Few literary men would wish their children to inherit their profession. Lord Byron, in his peculiar half-comic, half-serious style, expresses his regret, that he had become an author. I have a wife,” says he, (see his journal of 1814,) "and that wife has a son-by any body-I will bring up mine heir in the most anti-poetical way-make him a lawyer, or a pirate, ormany thing. But if he writes too, I shall be sure he is none of mine, and cut him off with a Bank token.” The writer of this article was once with William Hazlitt, when he received a letter from his son ;-I inquired if he would wish him to follow in his father's

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steps—" Oh! God forbid it!” was the quick and passionate reply. In a note to one of his Essays, he bitterly exclaims, “ I am sick of this trade of authorship.” Dr. Johnson, in the midst of all his fame, felt the miseries of a literary life, and sighed for the consolations of private friendship. While his name and his productions were the topics of general conversation, he shuddered at his “gloom of solitude,” and in writing to Mrs. Thrale, he makes a touching appeal to her sympathy and tenderness : “I want every comfort: my life is very solitary and very

cheerless. Let me know that I have yet a friend—let us be kind to one another.” There is a querulous melancholy in the prefaces of Wordsworth that shews too clearly the state of his heart. The greatest of living poets has found that the wasps of criticism can destroy his repose, and that the neglect or ridicule even of the vulgar crowd is not always to be borne with a magnanimous indifference.

Literary pursuits and literary distinctions are often fatal to domestic pleasures and attachments. They render men less capable of entering cordially into those amusements that interest the mass of their fellow creatures, and often excite in their associates a bitter jealousy and an uneasy sense of inferiority. Some in the author see only the man, and wonder at the admiration of the world; while others in the man see only the author, and cease to regard him as a social being of the same nature with themselves. An author's station in society is always ambiguous, and liable to endless misapprehensions ; he is like a stranger in a foreign land; he is in the crowd, but not of it. When his claims are too obvious to be disputed, the humble are alarmed at that superior intellectual power for which the vain and envious hate him. He is neither at his ease himself, nor are those about him. The jealous and the curious surround him like enemies and spies, and keep him ever on his guard. He can please no one. Some who are willing to admire, so raise their expectations of his greatness, that he is sure to disappoint them ; and the more he shines, the more he wounds the self-love of others. Even the most generous admiration is not of long endurance, but soon flags without repeated stimulants. If the literary inan does not excel himself—if every new work is not superior to the last-his friends are disappointed, and his enemies triumphant. Even the greatest glory can hardly make a man indifferent to the ceaseless hostilities which it so inevitably excites. Envy and detraction are fierce and indefatigable adversaries, whom nothing but the downfall of the object of their wrath can entirely appease.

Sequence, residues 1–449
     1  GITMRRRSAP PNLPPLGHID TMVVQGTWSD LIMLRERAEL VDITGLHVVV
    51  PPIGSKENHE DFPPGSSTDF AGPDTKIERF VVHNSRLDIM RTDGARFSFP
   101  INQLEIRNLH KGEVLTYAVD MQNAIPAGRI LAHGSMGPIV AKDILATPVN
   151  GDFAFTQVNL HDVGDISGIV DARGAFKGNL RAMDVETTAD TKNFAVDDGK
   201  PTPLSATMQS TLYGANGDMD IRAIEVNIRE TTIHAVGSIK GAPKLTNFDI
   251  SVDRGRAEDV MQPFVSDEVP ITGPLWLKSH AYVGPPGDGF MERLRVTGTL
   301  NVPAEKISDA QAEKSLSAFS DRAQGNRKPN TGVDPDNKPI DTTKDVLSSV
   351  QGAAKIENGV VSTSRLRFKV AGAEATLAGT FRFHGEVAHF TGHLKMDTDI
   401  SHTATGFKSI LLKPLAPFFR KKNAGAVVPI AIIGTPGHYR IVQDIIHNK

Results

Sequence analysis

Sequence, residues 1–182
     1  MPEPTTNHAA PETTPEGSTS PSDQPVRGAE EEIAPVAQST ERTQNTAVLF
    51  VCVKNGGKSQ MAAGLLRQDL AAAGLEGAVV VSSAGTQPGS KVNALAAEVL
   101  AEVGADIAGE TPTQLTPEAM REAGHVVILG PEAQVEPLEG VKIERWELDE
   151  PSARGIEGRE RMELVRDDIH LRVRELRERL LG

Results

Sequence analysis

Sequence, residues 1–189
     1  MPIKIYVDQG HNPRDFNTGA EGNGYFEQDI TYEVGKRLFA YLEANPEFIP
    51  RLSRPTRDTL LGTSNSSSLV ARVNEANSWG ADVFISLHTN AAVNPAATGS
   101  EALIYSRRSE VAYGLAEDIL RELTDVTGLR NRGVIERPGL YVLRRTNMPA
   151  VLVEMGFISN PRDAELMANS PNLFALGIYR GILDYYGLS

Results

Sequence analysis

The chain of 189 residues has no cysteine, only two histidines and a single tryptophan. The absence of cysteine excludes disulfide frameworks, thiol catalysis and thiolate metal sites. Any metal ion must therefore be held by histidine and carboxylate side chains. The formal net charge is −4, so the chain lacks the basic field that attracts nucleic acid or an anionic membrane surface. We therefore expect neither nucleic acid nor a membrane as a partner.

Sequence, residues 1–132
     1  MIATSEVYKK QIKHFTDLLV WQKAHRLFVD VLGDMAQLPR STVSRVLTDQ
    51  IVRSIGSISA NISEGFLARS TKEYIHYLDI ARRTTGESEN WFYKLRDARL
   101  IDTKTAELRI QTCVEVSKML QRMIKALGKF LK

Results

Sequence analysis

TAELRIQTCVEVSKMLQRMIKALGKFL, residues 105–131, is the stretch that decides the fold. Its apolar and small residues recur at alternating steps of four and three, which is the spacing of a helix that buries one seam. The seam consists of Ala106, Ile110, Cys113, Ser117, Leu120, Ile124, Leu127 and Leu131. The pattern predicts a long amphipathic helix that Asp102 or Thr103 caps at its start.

The happiness of an ambitious author is at the mercy of his meanest foes. “Oh! that mine enemy had written a book,” is a wish that has entered many a malignant bosom.

“ Who pants for glory finds but short repose,

A breath revives him, or a breath o'erthrows."

A hostile criticism, however false or ignorant, often leaves an immedicable wound in the breast of genius. The tender and imaginative Keats was crushed by the rude hand of Gifford, and perished like a flower in a foreign land. The unhappy Kirke White never entirely overcame the shock of an unfavourable critique on his first productions. One bitter censure outweighs a thousand eulogies.

What with the jealousy of some men, the ignorance of others, and the capriciousness of public opinion, he who rests his whole happiness on literary fame must prepare himself for the life of a slave or the death of a martyr. And yet with all these fearful drawbacks, there is something so inexpressibly charming in literary pursuits and the glory that attends them, that no man who has once fairly enrolled himself in the fraternity of authors, can relinquish his pen without reluctance and retire into ordinary life. After the intense excitement of his peculiar hopes and labours, all other objects and employments appear “weary,